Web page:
Ok, this is geared mostly towards my fellow Americans and Canadian friends, but could certainly also be applicable to many within Europe as well. I’m always amazed at the initial fear some people have when thinking about leaving the country for the first time on an international vacation. I think I forgot how I felt that first time I boarded a wide body jet headed for locales foreign and unknown. The experience is absolutely exciting, but I do understand the fear as well. A million possible problems immediately come to mind for the neophyte traveler and many times they decide to forgo the experience entirely. That’s why for some it’s important to be mindful when they choose their first international destination so that it’s frankly easier to visit and therefore easier to enjoy. I love Thailand, but I recognize it can be a bit of a shock at first for many people. That’s why, to ease into the role of international jetsetter, I believe Iceland is one of the best choices for the first time traveler.
From a North American point of view there are many logistical benefits to traveling to Iceland. It’s a very short flight, less than five hours from Boston and even from London it’s only a three hour flight. Icelandair has also performed a stellar job promoting the destination and offering fantastic deals that usually include airfare, hotel and even some activities. Their web site is one-stop shopping for visitors and it makes the entire process very easy.
Once in the country, its size has certain advantages for enjoying the travel experience. The bus from the airport to Reykjavik is the best way to traverse the fifty kilometer distance and is how most people reach the capital city. Once in Reykjavik, the relatively small size of the historic, downtown core makes cabs or buses unnecessary. Reykjavik is one of the most walkable cities I’ve ever explored and a stroll along the streets is part of the overall experience.
At first glance the Icelandic language looks absolutely terrifying to foreign guests. I remember newscasters trying desperately to pronounce the name of the now infamous volcano that plagued European travelers for weeks. For the record it’s Eyjafjallajökull and please feel free to pronounce it however you like. But like so much of Scandinavia, English isn’t just common, it is spoken by almost everyone, and spoken very well at that. I don’t know what it is about Scandinavian languages, but their natural accents allow for a natural way of speaking oftentimes flawless English. So don’t worry about words that include 20 or more characters with an improbable placement of vowels and consonants. Here it’s ok to be a tourist who only knows English.
This is well known, but given the history and size of Iceland, most of the people are friendly and helpful. They’ve also become very good at welcoming tourists, turning it into one of their most important industries. Not that it’s really possible to get lost in the historic core of Reykjavik, but if you did there would be an army of people standing by ready to help. Not only are they friendly, but they’re eager to share their country with guests.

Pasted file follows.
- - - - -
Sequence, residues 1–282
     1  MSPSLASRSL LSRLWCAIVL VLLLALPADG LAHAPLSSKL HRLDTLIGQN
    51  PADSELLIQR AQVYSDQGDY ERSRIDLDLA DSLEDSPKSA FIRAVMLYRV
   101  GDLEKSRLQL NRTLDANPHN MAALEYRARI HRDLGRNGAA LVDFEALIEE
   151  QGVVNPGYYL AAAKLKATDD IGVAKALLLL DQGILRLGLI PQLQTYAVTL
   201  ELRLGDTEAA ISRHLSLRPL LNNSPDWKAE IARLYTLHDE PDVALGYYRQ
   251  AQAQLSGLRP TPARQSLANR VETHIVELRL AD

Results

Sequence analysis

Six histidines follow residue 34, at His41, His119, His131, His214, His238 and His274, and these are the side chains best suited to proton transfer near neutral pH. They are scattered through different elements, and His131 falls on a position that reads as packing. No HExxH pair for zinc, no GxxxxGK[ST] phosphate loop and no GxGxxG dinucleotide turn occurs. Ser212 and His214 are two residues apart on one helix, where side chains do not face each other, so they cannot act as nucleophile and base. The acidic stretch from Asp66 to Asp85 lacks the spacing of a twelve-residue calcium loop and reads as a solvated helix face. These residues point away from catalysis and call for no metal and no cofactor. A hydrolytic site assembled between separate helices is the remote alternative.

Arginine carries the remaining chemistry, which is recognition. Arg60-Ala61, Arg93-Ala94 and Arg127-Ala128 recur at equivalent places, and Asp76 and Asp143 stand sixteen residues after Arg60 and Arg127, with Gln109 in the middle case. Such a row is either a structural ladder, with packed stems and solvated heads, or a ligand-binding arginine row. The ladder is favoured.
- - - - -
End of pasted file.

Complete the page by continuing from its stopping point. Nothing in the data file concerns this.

Iceland has a very long and proud history, one that almost everyone I met seemed to know by heart. They can be at times independent, but communal, not uncommon traits from a country born of Vikings and long dependent on the sea for its livelihood. So when you visit, don’t hold back, find local people and ask them questions. Ask them about their history, their culture and their plans for the future. You should do this on every trip really, but it’s especially educational in Iceland.
There are a few places in the world that have truly been blessed with an epic display of natural beauty and Iceland is one of those lucky locales. Dramatic is the best way to describe the country known for its ice and fire. Sitting atop two continental plates that are constantly moving, the landscape can be harsh at times, but also dynamic. Volcanoes, fissures, geysers and more all create an ever-changing landscape that is intimidating in its violence, but welcoming in its charm.
A favorite tour is the Golden Circle, a full day trip that takes visitors to the geysers, the Gullfoss waterfall and Thingvelir, the ancient site of governance in the island nation. For those with a little more time, renting a car and driving around the country on the Ring Road is the best way to truly understand the natural forces at work in Iceland. It’s around 830-miles and you can easily do it in a week, but of course two would be better.
It’s not all about just looking at pretty things either, there are plenty of active pursuits including whale watching, dogsledding, snow mobiling and even SCUBA diving. The most popular dive trip in Iceland is to the unusual Silfra – a fresh water spring located in a crack between the continents of North America and Europe. Truly a unique experience for those who love to dive.
Finally, the most popular activity in Iceland is a sight millions of people around the world recognize, the Blue Lagoon. Formed from natural hot springs deep below the ground and tapped originally for use in a nearby geothermal plant, the waters are known for their relaxing but also curative attributes. Thousands descend on the spa each year to seek treatment for psoriasis and other diseases. The spa is great even for those of us without ailments and personally, is a wonderful way to end your journey through Iceland.
I firmly believe that thanks to its location and ease of travel, Iceland is one of the best locations for the first time international traveler. It’s not at all an intimidating experience, in fact the trip was one of the easiest and most pleasurable I’ve ever enjoyed. If you’re uncertain about whether or not international travel is for you, be it out of fear or financial reasons, rest assured that Iceland is your best opportunity to explore more of the world around us.